After a day of work at Lee Valley Tools, I came home and found myself in my shop with a bit of time. I had a simple project already started and only a little more work remained before assembly. I finished cutting the 6mm mortises with my Festool Domino Joiner and began the glue-up, which consisted of five rails attached to two end caps with floating tenons.
It was a simple, straight-forward assembly process. Or so I thought.
I started by applying glue to one mortise in a rail, driving in a tenon, and continuing until all the floating tenons were installed. This way, I knew that the floating tenons were already seated and I didn’t have to worry about the open time of that glue.
Next, I applied glue to each mortise of one end cap and used my dead blow mallet to drive each rail into place. This wasn’t particularly easy, so I drove them in as far as they wanted to go before starting the second end cap. Besides, aligning five mortise and tenon joints at the same time is very hard – it’s much easier to set them in one at a time, as is the case when they protrude different amounts.
With glue in each mortise, I began tapping the end cap into place, carefully aligning the Domino tenons with the mortises as I went. I got all the tenons started into the mortises, and then my 2-pound mallet started bouncing off of the assembly. Not good.
I reached for a pair of my favourite Jet Parallel Bar Clamps and started turning the handles to close the joints. Nothing moved. I kept cranking, applying as much torque to the handles as I ever have – so much, actually, that the whole assembly was trying to flip over itself.
As I applied all the force I could muster, I looked around the shop, wishing that I owned some heavy-duty I-beam clamps. There was no reason that this much pressure should have been required to close the joints. I hadn’t applied an excessive amount of glue that would keep the joint from closing. My Domino Joiner was set up to cut adequately deep mortises. Yes, it was. Perhaps the joints were so tight, the glue and/or air had no way of escaping the mortise and that was keeping the joints from closing.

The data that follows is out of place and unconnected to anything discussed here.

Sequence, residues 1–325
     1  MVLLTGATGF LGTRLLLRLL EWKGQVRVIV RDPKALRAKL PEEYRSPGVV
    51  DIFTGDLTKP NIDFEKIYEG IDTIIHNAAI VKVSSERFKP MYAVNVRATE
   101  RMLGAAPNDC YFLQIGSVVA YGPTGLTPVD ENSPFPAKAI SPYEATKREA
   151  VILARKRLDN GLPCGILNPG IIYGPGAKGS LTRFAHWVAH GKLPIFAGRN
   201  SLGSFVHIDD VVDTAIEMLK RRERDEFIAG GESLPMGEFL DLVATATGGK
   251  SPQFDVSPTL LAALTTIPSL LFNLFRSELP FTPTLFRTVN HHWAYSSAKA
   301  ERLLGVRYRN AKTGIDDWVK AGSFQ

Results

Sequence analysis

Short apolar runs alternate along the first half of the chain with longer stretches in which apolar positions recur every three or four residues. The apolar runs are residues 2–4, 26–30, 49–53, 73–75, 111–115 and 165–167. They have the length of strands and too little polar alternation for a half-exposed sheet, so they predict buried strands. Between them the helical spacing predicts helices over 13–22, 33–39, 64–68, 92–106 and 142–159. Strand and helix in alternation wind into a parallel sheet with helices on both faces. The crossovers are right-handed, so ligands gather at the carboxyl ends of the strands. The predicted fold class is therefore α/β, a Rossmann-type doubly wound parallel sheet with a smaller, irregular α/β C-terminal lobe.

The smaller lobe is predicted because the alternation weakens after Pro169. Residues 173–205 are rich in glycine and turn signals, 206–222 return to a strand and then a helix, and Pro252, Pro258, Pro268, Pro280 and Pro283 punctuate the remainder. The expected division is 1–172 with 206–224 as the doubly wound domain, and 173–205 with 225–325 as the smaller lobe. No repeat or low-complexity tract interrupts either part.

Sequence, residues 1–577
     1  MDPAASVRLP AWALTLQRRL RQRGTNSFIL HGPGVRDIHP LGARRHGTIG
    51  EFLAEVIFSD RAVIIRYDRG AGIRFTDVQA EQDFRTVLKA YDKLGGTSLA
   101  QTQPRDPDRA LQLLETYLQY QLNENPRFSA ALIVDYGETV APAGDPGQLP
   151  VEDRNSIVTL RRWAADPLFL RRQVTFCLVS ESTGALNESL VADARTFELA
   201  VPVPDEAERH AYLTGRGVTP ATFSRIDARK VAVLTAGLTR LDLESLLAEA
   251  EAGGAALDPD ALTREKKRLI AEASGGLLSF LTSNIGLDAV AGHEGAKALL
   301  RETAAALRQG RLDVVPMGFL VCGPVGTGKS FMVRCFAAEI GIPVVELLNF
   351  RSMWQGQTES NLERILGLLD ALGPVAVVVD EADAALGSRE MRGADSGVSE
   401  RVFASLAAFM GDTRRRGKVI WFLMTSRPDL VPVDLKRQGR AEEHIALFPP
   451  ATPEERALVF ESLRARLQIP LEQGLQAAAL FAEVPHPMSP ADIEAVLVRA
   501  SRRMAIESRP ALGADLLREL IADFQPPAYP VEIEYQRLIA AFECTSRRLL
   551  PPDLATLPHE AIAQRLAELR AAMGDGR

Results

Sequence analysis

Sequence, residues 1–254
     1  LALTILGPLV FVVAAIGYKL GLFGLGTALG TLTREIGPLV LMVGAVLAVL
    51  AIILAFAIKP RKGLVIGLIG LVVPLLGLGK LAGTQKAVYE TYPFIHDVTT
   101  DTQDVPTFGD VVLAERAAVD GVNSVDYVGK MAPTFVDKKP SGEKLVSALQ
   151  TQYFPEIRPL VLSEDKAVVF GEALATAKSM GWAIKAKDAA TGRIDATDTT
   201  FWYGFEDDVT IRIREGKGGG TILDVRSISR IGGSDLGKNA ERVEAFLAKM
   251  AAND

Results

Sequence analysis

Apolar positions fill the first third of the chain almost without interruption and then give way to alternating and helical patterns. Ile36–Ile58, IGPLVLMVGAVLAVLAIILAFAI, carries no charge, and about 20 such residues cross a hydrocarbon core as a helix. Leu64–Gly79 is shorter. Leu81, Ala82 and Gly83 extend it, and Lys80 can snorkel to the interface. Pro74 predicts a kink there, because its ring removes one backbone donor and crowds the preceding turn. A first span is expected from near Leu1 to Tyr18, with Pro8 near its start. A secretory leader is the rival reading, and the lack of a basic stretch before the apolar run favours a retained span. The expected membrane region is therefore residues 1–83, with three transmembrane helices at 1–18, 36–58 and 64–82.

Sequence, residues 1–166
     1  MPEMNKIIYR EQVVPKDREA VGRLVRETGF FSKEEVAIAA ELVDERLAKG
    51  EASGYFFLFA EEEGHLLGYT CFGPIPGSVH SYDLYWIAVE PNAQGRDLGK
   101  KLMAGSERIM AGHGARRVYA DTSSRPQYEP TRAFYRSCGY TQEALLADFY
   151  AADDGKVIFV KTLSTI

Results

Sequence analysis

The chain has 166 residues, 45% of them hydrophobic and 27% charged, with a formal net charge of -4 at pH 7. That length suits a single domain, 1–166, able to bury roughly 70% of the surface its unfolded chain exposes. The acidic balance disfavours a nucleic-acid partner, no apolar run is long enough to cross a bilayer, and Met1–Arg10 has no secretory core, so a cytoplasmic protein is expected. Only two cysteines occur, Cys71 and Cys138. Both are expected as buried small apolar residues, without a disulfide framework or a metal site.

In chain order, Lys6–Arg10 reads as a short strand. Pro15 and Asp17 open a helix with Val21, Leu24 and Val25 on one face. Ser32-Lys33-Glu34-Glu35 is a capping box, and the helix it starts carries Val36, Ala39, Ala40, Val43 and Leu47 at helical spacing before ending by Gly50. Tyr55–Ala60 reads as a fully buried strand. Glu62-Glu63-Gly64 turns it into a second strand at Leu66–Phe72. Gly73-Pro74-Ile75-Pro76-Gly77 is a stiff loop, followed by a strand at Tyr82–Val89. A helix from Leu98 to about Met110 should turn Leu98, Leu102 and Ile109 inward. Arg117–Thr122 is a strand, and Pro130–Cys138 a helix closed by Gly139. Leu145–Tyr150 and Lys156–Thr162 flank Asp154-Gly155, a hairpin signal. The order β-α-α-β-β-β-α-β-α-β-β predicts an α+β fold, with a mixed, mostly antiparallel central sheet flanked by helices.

Not having much luck, I added a third clamp for additional clamping force and weight to keep the assembly from flipping. I kept cranking and cranking. This was becoming more work than I’d done in the whole day up until now!
I applied a fourth clamp, moved the assembly to the floor and used my body weight to keep the assembly flat on the floor while I cranked on the handles. The assembly groaned, creaked and popped with every rotation of the clamp handle. Those were scary sounds, but they were reassuring since they indicated that something was moving. Or that it was about to explode.
After a ton of nerve-wracking creaking and 15 minutes of frantic work to pull the assembly together before the glue set, the gaps finally closed. I collapsed on the floor, exhausted. Or, at least I felt like doing that.
8 thoughts on “Unforeseen Challenges”
Sounds like a near disaster. Any idea what went wrong and how to avoid in the future?
Near disaster is right, Jim! The Dominos were a tight fit in the mortises, and perhaps fitting five at the same time was the trouble. When making the mortises with the Domino Joiner, I usually make only one tight all around and make the others wider for ease of assembly. I didn’t have that option here. I suppose I could have trimmed down the Dominos to make them easier to insert.
I know that the open time of the glue (15 minutes) was not on my side, and more than once I thought that I was stuck.
How to avoid it in the future? Use a slower-setting glue, *ahem* dry-fit, cut looser joints, or choose a different type of connection.
Wow, and I thought air compresses. I wonder if you would have had that problem using a ring porous wood. Me thinks, no.
That’s an interesting thought, that the open pores of a different species of wood would allow any pressure built up to escape.
Glue up dimensia! Glad it turned out.
What glue were you using? Rumour has it that hot hide glue lubricates the joint when going together, and PVA seizes. My hot hide glue experience as been restricted to long grain to long grain so far. SOmeone with firsthand knowledge might weigh in to say whether the rumour is true.
I was using Lee Valley’s 2002GF PVA glue. I find that PVA is slippery at first, but then gets tacky – that’s why I like to rub my PVA edge joints together for a bit before applying clamps – less chance that they’ll slide.
Like you, I’ve not used hide glue for joinery work.